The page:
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Finance issues remain

Start-ups ‘still depend on family and credit cards’

Money - own picMany start-up firms are still depending on family, friends and credit cards to provide them with support in their early years, according to an Institute of Directors survey.

The IoD has called on the UK government to make the EIS and SEIS tax relief schemes easier to use for small-stakes investors and encourage more people to invest in growing companies.

The first ever survey of the IoD 99 network – a group of more than 650 entrepreneurs under the age of 35, running businesses in every part of the country and every sector of the economy – has confirmed that finding skilled employees and accessing scale-up finance are the most important issues for Britain’s start-ups.

Two-fifths (42%) of the entrepreneurs surveyed said they have trouble hiring people with the right skills, and 39% cite difficulty accessing finance as a potential barrier to growth.

More than half (53%) said that money from family members had been instrumental in getting their business off the ground, while 56% had used personal unsecured finance, like credit cards, and a further 45% had used money from friends.

The IoD has called for government to open up the ‘equity economy’ to make it easier for savers to invest in young companies and turn Britain’s fledgling start-ups into scale-ups. The business group has also warned politicians against imposing arbitrary restrictions on the UK immigration system, which will make it harder for growing firms to bring in skilled workers from around the world.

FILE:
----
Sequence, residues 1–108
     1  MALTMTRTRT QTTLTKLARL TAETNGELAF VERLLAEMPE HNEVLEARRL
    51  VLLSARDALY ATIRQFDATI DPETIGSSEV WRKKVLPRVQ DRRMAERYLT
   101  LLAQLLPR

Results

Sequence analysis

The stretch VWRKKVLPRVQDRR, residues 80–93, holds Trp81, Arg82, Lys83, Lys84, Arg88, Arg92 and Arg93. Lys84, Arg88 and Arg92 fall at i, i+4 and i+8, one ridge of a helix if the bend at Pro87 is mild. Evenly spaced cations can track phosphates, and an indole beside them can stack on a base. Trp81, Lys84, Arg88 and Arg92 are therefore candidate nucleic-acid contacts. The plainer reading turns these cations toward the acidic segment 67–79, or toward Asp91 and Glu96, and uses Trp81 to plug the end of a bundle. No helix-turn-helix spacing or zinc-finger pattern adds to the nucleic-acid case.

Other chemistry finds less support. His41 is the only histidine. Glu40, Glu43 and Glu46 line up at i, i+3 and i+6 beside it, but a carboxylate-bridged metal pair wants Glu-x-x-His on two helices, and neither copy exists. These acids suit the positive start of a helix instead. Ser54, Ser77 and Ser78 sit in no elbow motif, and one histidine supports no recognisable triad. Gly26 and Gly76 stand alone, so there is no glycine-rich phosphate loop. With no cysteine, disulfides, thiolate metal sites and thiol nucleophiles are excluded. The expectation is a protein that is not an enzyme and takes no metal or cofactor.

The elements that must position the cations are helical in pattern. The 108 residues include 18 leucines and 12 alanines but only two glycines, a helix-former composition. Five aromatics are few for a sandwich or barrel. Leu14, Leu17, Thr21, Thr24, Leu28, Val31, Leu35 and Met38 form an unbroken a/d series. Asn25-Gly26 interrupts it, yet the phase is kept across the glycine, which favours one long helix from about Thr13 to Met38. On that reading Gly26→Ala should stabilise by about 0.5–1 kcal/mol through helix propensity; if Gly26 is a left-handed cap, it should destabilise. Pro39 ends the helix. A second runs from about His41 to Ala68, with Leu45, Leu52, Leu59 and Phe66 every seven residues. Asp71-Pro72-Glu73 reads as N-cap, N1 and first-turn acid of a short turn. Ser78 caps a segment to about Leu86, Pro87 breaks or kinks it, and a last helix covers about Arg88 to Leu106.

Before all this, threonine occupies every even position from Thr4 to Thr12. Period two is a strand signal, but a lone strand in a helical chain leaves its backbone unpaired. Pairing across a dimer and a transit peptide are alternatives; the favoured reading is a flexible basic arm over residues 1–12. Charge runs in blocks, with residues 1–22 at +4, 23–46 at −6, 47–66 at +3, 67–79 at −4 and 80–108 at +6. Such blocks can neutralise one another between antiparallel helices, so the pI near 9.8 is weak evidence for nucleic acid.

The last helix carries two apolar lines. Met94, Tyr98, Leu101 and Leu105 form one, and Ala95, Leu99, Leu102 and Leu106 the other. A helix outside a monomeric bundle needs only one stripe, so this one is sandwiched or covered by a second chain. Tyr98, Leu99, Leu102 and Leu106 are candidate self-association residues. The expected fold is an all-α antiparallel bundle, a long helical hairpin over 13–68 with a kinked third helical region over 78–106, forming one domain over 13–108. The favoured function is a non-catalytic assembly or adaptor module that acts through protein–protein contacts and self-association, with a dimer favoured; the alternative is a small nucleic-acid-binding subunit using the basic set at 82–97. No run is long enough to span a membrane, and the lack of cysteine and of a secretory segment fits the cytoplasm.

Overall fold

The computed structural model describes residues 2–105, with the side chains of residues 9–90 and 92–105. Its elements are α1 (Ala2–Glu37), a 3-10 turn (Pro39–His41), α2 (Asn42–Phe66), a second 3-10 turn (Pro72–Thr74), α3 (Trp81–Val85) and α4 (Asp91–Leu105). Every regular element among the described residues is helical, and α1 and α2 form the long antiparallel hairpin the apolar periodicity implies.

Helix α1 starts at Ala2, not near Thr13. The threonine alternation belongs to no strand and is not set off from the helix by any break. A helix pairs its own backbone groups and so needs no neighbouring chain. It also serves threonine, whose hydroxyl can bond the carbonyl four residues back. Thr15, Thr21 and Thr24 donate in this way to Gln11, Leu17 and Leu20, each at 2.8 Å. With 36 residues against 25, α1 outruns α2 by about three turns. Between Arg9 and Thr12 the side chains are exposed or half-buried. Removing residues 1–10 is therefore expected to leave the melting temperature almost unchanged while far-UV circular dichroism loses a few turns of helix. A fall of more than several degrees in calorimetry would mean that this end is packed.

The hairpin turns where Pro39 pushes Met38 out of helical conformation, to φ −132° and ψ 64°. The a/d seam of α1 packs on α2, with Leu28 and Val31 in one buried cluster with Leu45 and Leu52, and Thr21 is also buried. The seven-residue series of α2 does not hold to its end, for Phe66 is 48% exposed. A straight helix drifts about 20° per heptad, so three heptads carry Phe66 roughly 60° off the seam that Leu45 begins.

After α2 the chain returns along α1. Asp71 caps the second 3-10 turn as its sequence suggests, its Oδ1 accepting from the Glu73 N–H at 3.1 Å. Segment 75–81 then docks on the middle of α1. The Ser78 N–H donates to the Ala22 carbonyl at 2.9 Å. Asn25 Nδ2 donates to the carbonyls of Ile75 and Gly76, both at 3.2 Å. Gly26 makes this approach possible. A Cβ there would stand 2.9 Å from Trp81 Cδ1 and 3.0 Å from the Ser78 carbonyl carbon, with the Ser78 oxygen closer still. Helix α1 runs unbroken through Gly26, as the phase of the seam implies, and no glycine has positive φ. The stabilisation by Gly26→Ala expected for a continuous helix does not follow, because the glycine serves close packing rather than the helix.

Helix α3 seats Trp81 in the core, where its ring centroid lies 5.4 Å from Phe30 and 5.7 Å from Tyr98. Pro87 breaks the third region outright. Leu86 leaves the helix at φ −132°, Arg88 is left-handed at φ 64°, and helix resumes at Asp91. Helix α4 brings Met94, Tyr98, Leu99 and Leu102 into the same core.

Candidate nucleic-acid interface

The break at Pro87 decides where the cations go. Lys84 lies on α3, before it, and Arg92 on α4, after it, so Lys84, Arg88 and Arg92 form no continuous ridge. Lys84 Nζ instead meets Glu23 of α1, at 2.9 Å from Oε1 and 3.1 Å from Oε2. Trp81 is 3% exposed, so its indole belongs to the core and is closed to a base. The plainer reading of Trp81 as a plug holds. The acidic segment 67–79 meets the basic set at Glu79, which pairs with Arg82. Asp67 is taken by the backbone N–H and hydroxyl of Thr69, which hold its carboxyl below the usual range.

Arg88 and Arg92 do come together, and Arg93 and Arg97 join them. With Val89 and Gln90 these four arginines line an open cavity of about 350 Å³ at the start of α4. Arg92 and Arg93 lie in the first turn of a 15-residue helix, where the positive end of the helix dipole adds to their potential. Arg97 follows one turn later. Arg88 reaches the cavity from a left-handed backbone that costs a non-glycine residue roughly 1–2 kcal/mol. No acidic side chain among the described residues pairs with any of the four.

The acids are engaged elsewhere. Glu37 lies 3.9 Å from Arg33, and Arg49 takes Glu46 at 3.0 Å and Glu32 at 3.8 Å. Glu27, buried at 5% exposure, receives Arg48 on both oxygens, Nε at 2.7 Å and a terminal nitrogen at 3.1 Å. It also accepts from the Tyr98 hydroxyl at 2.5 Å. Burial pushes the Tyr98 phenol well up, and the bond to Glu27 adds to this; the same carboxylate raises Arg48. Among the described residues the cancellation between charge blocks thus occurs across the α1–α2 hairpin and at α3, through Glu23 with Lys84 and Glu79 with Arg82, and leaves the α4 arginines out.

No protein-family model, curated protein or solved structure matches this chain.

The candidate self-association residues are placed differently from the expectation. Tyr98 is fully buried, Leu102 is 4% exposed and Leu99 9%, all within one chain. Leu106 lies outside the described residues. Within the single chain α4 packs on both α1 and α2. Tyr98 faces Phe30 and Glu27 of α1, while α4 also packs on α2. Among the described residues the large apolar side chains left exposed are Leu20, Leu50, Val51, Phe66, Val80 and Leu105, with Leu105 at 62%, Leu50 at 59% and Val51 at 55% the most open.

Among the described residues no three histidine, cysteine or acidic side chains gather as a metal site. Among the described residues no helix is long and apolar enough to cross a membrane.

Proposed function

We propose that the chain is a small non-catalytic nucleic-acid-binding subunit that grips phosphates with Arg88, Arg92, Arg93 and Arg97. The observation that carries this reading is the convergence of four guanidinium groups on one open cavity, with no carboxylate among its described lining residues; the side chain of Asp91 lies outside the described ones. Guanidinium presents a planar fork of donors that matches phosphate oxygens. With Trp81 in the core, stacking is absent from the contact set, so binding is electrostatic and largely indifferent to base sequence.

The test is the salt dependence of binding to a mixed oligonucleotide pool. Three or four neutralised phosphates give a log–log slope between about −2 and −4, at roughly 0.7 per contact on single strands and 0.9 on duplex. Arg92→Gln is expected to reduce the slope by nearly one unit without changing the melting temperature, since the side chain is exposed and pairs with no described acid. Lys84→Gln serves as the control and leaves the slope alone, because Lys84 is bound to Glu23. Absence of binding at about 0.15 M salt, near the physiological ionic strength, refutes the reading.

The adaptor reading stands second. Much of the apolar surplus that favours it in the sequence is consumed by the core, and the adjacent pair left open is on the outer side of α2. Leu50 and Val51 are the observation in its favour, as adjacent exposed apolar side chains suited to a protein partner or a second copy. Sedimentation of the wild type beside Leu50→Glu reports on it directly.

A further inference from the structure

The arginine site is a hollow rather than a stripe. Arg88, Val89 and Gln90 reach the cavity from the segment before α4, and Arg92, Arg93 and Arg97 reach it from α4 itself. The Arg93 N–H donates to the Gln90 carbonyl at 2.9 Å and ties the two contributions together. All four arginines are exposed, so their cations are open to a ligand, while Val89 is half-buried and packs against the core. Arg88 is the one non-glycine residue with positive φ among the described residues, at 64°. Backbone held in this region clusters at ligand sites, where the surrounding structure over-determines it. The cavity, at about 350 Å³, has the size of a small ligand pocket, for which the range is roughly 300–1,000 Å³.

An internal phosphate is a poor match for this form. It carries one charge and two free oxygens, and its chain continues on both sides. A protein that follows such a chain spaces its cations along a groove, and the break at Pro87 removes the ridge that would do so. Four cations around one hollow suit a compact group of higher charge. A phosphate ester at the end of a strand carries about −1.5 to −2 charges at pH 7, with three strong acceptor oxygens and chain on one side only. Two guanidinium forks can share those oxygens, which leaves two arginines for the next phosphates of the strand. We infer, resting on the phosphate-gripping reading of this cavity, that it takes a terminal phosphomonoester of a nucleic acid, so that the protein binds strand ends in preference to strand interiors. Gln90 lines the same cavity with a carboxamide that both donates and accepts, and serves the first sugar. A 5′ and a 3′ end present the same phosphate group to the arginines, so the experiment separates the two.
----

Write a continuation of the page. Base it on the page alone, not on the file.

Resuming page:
The survey of 122 members of the IoD 99 network – entrepreneurs running companies across the UK in every section of the economy, also showed:

  • Six in ten (61%) young entrepreneurs were in full-time work when they started their own business
  • One in five (21%) said the primary reason for starting their business was to have a ‘positive social impact’, 22% said they wanted to work for themselves and one-third (36%) said they wanted to build a successful company
  • Difficulty hiring skilled employees was ranked as the top barrier to growth, cited by 42% of entrepreneurs, followed by trouble accessing finance (39%), the high cost of finance (33%), business taxes (29%) and personal taxes (26%)
  • While money from family, friends, and unsecured loans are the most important sources of finance in an entrepreneurs’ early days, private equity, bank and non-bank debt along with private and public sector grants are all seen as important sources of scale-up finance.

 Jimmy McLoughlin, deputy head of policy at the IoD, said: “Finding people with the right skills, and tapping into the right mix of finance will be the biggest factors in achieving scale-up success. For start-ups, overcoming these obstacles can be the difference between success and failure.

“The last few years have seen exciting developments in alternative finance. Businesses can access more sources of capital than ever before and innovations like crowdfunding and peer-to-peer lending are quickly becoming mainstream options.

“Entrepreneurs see them playing a big role over the next decade. Regulation cannot stand in the way of this growing demand. We should strip back the layers of complexity which currently stand in the way of individuals investing through schemes like the Enterprise and Seed Enterprise Investment Scheme (EIS/SEIS) to give more people across the country a stake in the success of British start-ups.”

 The full recommendations can be found here: Opening the Equity Economy.

Full results